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Jaguar Moving Toward Development Of C-X75 Microturbines
It's hard to put a finger on what exactly we like best about the Jaguar C-X75 concept that Jaguar debuted at the 2010 Paris Motor Show. It has exquisite styling, a high-tech performance-hybrid powertrain and is the first Jaguar supercar since the XJ220. If we were forced into revealing a single favorite element, we'd probably have to go with the sci-fi-like microturbines that were used as generators for the concept's electric motors.
Because those microturbines were highly experimental, word was that Jaguar would use a more conventional engine in the production C-X75. Somewhere along the line, Jaguar decided to build two versions of the supercar - one with a small turbo engine and one with the microturbines. The company is officially ready to get to work on the turbines.
Auto Express reports that Jaguar's parent company Tata has opened the doors of the Bladon Jets Engineering Centre in Coventry, UK, the plant tasked with designing the turbines for the C-X75.
The turbines offer several advantages over a conventional engine. They're lighter, have less moving parts and don't require oil lubrication or water cooling. These make perfect sense as engine generators because they're lightweight and low maintenance, allowing the most performance out of the C-X75's four electric motors.
In its concept form, the C-X75 had a 195-hp motor at each wheel. The motors combined for 780 horses and 1,180 lb.-ft. of torque and offered up to 68 miles of range. The two gas turbines were flex-fuel capable and added nearly 500 miles of range.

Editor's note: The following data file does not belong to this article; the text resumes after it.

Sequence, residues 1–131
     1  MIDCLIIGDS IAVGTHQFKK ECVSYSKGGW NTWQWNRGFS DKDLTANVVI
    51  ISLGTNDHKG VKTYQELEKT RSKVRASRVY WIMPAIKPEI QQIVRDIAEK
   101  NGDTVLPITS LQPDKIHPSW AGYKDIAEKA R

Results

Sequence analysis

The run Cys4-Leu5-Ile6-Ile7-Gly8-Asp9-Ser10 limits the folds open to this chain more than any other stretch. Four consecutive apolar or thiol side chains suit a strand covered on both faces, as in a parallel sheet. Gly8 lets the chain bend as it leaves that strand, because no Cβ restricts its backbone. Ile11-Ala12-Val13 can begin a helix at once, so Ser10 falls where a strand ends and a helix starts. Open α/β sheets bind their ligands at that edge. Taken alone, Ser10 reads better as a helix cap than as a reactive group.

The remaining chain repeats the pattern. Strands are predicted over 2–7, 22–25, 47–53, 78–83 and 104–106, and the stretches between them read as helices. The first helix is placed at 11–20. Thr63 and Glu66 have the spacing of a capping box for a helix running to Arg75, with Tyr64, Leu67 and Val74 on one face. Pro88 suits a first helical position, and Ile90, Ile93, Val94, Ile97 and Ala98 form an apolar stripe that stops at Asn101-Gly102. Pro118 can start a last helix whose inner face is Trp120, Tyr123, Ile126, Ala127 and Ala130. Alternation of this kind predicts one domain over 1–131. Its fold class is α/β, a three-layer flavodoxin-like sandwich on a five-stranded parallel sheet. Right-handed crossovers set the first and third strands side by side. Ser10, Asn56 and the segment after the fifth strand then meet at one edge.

The turbines would certainly need to kick in a little sooner than 68 miles if the driver pushed the car to its acceleration and speed limits. Jaguar defined these as 3.4 seconds to 62 mph, 5.5 seconds to 100 mph, 15.7 seconds to 186 mph (300 km/h) and a 205 mph top speed.
It's not clear when Jaguar will have the turbines ready, but it plans to introduce the first C-X75 by late 2013. That model will use a small turbocharged four-cylinder engine that's being developed in cooperation with Williams F1 racing team. The engine will be used as a generator, while the car will be motivated by a pair of electric motors. Jaguar hasn't provided performance figures for that model, but given that it has half the number of motors and a conventional engine, it'll surely be a few ticks behind the turbine version.
Posted In: Exotics, Hybrid / Green, Reports, Special / Limited Edition
Tags: C-X75, Jaguar, supercars, exotics, hybrids, microturbines
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